>media is to blame for all this misinformation as well. Think about how many
>things in the past have been so publicized and thought to be true by the mass
>population, and then later on were disproved and are now regarded as total
>bunk. An old saying goes that many of these ideas we think are "the way it
>is", will one day be accepted to be "as old as sealing wax". (I think that
>refers to the wax people used to use to seal letters, correct me if I'm
>meaning that at one time in history, everyone did it and thought it was
>but now nobody does it anymore and wouldn't even consider it.
>Anyway, the point is, I think Dietmar was on the ball with his bit of advice.
>If I were concerned about cholesterol (rightfully so, with all the media
>it), I would take a cholesterol test now, before starting the diet, get a
>baseline reading, and then go on the diet for a month. Eat more fish and
>poultry, less red meat; more egg whites, less yolks; more olive oil, less
>butter, and more nuts, fruits, and vegies. Notice I said "more" and "less",
>not "all" or "none". There's nothing wrong with a little butter, but that
>doesn't mean you can slather it on like there's no tomorrow.
I agree with you fully on all the above --- Dietmar
>Another thing I remembered is the butter/margerine thing. Remember how it
>thought that margerine was healthier than butter.
Geez ... you mean people actually BELIEVED that? That an industrial "food"
could be better than the real thing? I guess people forgot that margarine
(or "oleomargarine", as it was first called, sounds nice & greasy, eh?) was
invented during WWII as imitation butter so that butter oil could be used
to lubricate military equipment!
So we get the crap, and the tanks get the good stuff. Tanks a lot, eh ;-)
> Everyone was convinced.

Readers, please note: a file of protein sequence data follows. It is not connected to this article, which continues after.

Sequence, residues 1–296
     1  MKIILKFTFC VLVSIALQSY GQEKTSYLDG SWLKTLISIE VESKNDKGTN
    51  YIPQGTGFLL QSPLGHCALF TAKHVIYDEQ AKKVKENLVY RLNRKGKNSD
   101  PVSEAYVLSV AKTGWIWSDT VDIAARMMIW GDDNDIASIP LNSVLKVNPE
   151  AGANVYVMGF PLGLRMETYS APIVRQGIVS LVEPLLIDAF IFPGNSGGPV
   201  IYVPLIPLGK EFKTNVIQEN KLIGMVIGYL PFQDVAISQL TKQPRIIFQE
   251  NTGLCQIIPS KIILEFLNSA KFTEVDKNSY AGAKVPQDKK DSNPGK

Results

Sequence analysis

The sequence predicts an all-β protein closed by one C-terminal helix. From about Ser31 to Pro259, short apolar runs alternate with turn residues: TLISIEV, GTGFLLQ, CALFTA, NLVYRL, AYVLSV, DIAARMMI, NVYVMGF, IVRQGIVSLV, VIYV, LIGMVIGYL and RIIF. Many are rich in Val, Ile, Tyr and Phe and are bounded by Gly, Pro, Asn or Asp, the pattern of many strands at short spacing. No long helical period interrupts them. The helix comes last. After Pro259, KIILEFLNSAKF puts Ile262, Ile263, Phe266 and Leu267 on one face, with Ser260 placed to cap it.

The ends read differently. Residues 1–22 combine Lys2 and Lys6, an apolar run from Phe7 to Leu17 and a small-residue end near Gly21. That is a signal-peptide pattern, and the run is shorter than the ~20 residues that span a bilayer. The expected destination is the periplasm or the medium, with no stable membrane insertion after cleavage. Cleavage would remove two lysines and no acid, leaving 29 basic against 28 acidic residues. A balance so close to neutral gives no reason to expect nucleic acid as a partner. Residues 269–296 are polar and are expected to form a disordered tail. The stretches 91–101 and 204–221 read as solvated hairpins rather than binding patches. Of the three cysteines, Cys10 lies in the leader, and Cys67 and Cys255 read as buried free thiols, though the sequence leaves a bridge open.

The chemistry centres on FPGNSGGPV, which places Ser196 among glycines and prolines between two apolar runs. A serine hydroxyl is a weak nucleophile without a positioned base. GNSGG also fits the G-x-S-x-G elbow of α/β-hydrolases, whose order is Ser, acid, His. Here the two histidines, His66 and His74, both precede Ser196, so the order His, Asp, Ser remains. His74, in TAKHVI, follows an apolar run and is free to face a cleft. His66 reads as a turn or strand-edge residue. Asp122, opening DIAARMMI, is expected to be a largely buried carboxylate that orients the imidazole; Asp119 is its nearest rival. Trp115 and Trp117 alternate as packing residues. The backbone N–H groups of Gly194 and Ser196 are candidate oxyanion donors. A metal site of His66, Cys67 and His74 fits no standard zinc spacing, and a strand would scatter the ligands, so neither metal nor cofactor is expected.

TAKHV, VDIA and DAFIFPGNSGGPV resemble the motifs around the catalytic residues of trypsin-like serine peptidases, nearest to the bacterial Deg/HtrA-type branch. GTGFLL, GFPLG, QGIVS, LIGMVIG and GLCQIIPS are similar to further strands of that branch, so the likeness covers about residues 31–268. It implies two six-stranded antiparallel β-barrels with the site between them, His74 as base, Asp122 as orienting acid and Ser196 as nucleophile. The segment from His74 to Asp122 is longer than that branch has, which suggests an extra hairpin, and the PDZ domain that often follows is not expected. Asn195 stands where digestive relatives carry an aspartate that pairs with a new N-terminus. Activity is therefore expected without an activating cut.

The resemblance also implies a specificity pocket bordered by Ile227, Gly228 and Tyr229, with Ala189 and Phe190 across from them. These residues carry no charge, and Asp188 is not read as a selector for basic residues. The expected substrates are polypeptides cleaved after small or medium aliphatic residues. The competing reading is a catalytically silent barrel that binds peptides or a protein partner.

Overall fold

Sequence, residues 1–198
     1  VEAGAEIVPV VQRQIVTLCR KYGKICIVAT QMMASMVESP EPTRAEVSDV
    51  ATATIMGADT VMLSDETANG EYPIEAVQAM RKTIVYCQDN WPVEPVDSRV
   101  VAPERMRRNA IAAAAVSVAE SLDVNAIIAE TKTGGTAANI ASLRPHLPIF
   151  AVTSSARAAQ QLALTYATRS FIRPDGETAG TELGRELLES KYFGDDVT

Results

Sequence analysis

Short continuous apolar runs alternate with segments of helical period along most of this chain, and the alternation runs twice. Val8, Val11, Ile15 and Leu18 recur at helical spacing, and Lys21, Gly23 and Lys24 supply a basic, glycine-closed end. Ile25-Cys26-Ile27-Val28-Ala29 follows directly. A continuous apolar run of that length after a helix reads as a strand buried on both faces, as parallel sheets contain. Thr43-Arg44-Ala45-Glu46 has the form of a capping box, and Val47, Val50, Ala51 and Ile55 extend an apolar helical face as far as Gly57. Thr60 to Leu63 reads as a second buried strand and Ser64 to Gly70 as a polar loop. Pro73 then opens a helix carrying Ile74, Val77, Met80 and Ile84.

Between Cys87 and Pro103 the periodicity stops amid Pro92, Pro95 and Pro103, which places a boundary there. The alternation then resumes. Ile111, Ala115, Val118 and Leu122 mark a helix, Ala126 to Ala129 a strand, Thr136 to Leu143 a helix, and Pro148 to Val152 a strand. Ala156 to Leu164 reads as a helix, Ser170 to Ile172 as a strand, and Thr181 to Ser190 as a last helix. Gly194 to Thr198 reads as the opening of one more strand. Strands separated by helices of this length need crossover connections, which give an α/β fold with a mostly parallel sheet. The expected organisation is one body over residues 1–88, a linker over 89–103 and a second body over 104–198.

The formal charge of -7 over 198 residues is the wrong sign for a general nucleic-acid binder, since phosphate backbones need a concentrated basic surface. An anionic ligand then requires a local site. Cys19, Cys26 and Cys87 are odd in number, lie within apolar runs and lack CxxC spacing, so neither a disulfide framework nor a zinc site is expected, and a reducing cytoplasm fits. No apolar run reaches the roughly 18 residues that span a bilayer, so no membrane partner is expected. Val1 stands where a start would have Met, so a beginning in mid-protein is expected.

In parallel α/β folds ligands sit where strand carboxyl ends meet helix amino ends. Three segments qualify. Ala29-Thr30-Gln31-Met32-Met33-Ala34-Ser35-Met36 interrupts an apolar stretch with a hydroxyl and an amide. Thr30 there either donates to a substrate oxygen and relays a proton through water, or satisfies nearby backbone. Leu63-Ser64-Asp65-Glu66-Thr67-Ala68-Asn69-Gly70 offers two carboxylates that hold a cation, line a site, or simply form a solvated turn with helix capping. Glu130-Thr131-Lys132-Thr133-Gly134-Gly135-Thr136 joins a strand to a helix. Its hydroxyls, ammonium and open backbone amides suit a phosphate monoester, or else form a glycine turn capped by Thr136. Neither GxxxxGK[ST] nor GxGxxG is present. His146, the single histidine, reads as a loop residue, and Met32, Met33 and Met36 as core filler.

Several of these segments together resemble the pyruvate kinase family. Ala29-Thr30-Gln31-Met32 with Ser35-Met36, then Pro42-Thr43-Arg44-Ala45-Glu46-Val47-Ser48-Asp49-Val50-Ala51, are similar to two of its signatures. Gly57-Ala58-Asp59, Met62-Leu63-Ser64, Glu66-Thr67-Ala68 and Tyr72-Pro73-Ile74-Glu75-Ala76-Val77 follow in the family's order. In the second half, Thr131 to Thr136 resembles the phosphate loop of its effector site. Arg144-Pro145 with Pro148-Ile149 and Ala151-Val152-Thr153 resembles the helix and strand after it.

>Nobody would dare say they thought butter was ok. But NOW, it has been
>that margerine is actually WAY WORSE for everyone than even butter! Ever
>about Trans-fatty acids, hydrogenation, etc?
Paleodiet list again ... they've discussed & discuss all these neat items.
>Did you know that there are
>actually regulations or laws now that prevent margerine advertisments from
>claiming margerine is good for your health? It's all because they proved
>margerine is horrible for you! Thank God margerine is not allowed on this
>diet. Although, I stopped eating margerine way before I found this diet.
>Margerine was only invented during the war because there wasn't enough butter
>to go around. I'm too young to remember, but remember when you had to
>the food coloring in and mix it up yourself? Gross! When the war ended
>was no reason to keep eating margerine, but the companies needed to keep
>money so it became the "healthier" counterpart to butter. Now we all know
>different, don't we. Not to mention that margerine is an oil usually
>plastic (for those of you who read my plastic ramblings earlier).
>probably worse than eating plastic.
>Ok, you're starting to think I'm nuts again,
Nope, I'm with ya!
>so I better go.
Stay, damsel, stay!
>That'll be all
>for now. Sorry to be so long.
Good work. Excellent.
Excerpt from a fax from Elaine Gottschall
To: Lotte Wackerhagen
Date: September 8, 1997
The medical doctor is not a research scientist and most do not follow research findings. I do not know what group hands down his protocol for patients but they usually have one thing in mind: CRISIS INTERVENTION. This is often diametrically opposed to restoring real health.
For example, most people with inflammatory bowel disease have iron-deficiency anemia and sometimes, pernicious anemia. To give iron supplements and iron injections for a very short period is OK but hardly, if ever, resolves the problem. In fact, the oral iron supplements generally exacerbate the intestinal problem and are known to increase bacterial infections. (The research into this area fills volumes).
The proper way to treat would be to make sure sufficient folic acid and B-12 are given (often by injections) and try to get the patient to eat eggs and liver and iron found in the hemoglobin of animal foods. Of course, the best way to treat is to cure the diarrhea which is preventing the absorption of all nutrients, vitamins, minerals, calories.
Date: Thu, 3 Sep 98 14:19:15 MDT
From: "Daniel Woods" <firstname.lastname@example.org>
To: SCDemail@example.com (SCD-diet mail list)
Subject: History of Medicine (joke)
Since there has been recent discussions on the list about how
doctors "guess" about prescriptions, and comparing alternative
(more natural methods), I thought you'd like to see this...
> Subject: The History of Medicine
> 2000 B.C. - Here, eat this root
> 1000 A.D. - That root is heathen. Here, say this prayer.
> 1850 A.D. - That prayer is superstition. Here, drink this potion.